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Talking Benedict Cumberbatch, Dragon Secrets and More with the Oscar-Nominated Sound Editors of 'Smaug'

Thompson on Hollywood By Bill Desowitz | http://billdesowitz.com February 5, 2014 at 2:53PM

In returning to Middle-Earth for the second "Hobbit" adventure, "The Desolation of Smaug," Oscar-nominated sound editors Brent Burge and Chris Ward were given a gift with the very hot Benedict Cumberbatch. But when he was first announced, they were apprehensive that his overexposure on "Sherlock" and "Star Trek Into Darkness" might make his voice too familiar. But that all changed when he showed up and got down on his hands and knees, played around with his voice, and became the dragon.
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The Hobbit: The Desolation of Smaug

In returning to Middle-Earth for the second "Hobbit" adventure, "The Desolation of Smaug," Oscar-nominated sound editors Brent Burge and Chris Ward were given a gift with the very hot Benedict Cumberbatch. But when he was first announced, they were apprehensive that his overexposure on "Sherlock" and "Star Trek Into Darkness" might make his voice too familiar. But that all changed when he showed up and got down on his hands and knees, played around with his voice, and became the dragon.

Cumberbatch doing Smaug mo-cap
Cumberbatch doing Smaug mo-cap

"It was an opportunity to experiment with Benedict," offers Ward. "Early on, during the first 'Hobbit' film, we made some recordings about what the quality of the dragon's voice might be like. You could almost say it was like an audition. We had some very good results with some new miking arrangements that we'd been thinking about. Obviously with Gollum, Kong, and now Smaug, these digital characters seem to pop up in Peter Jackson's films, and it's important to him that these are living and breathing creatures, so we experimented a bit.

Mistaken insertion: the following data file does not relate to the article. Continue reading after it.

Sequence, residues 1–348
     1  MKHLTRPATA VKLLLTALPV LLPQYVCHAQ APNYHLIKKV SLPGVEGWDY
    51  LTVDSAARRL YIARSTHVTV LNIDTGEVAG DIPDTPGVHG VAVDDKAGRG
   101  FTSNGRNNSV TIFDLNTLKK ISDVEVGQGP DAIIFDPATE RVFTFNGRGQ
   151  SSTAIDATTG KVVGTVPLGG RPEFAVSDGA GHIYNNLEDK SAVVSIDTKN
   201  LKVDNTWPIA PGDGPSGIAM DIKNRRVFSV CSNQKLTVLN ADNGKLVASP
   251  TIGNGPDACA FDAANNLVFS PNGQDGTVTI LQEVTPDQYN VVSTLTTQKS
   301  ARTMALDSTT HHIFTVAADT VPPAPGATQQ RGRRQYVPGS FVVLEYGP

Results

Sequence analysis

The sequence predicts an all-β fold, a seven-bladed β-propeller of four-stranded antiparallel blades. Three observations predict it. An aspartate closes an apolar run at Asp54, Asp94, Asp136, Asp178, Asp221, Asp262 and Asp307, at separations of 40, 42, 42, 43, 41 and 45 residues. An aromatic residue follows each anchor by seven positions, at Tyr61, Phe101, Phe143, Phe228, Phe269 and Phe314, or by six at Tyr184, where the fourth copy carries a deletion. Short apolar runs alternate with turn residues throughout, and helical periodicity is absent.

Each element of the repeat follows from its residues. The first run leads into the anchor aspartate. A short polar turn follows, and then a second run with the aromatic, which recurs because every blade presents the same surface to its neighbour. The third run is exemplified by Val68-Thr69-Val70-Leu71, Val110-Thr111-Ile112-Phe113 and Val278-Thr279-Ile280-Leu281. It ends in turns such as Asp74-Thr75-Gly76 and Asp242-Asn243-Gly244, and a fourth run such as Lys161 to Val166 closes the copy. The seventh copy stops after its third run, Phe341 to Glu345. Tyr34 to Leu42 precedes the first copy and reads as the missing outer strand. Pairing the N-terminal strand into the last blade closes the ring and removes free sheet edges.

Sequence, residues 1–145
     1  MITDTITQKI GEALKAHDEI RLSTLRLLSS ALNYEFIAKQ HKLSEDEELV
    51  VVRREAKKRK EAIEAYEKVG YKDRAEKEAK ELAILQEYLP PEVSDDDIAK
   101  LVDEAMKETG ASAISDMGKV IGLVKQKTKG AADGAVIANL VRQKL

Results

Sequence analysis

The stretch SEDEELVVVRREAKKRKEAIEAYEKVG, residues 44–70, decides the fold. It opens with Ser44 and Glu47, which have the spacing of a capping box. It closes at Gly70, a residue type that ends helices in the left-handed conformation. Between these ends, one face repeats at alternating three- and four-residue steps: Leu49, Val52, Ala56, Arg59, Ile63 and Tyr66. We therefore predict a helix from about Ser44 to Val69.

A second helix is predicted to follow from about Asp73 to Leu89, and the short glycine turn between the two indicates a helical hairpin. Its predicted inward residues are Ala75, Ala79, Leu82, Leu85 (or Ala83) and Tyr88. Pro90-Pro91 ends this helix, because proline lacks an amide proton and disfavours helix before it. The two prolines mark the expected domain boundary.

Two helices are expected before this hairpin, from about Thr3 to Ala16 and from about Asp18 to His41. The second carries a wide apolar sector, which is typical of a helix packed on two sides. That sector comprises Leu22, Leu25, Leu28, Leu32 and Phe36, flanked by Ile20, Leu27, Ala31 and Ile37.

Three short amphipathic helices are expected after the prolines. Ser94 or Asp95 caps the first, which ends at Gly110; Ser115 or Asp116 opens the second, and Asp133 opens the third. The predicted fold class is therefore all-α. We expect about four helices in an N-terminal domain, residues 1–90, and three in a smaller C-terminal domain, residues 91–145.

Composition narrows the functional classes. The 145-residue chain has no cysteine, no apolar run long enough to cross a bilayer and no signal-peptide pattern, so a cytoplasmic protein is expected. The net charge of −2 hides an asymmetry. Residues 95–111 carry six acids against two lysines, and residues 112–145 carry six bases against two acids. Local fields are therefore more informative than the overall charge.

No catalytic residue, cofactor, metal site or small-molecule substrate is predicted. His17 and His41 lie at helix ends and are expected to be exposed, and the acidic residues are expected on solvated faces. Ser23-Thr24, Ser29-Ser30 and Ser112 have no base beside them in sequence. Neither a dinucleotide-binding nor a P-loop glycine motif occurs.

"But when it came time to do the actual voice, Benedict came in for two days and we built a platform in the ADR stage so that he was above everyone, even though he was on his hands and knees, because he wanted to basically play the lizard. Then he would thrust his neck out and that physically changed the delivery of the sound. I believe that through the process it became more reptilian because early on he was playing with snake-like tongue movements and using sibilance a lot. It was a total physical performance."

In fact, going off a list of "dragonisms" recommended by sound designer David Farmer, Cumberbatch came up with a range of appropriate sounds to enhance the performance. These included snoring, waking to different breaths, licking his lips with glee at the thought of devouring Martin Freeman's Bilbo, as well as an assortment of humming sounds and other musings.

This article is related to: The Hobbit: The Desolation of Smaug, Sound, Immersed In Movies, Oscars, Thompson on Hollywood, Awards, Awards Season Roundup, Peter Jackson


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Thompson on Hollywood

Born and raised in Manhattan, Anne Thompson grew up going to the Thalia and The New Yorker and wound up at grad Cinema Studies at NYU. She worked at United Artists and Film Comment before heading west as that magazine's west coast editor. She wrote for the LA Weekly, Sight and Sound, Empire, The New York Times and Entertainment Weekly before serving as West Coast Editor of Premiere. She wrote for The Washington Post, The London Observer, Wired, More, and Vanity Fair, and did staff stints at The Hollywood Reporter and Variety. She eventually took her blog Thompson on Hollywood to Indiewire. She taught film criticism at USC Critical Studies, and continues to host the fall semester of “Sneak Previews” for UCLA Extension.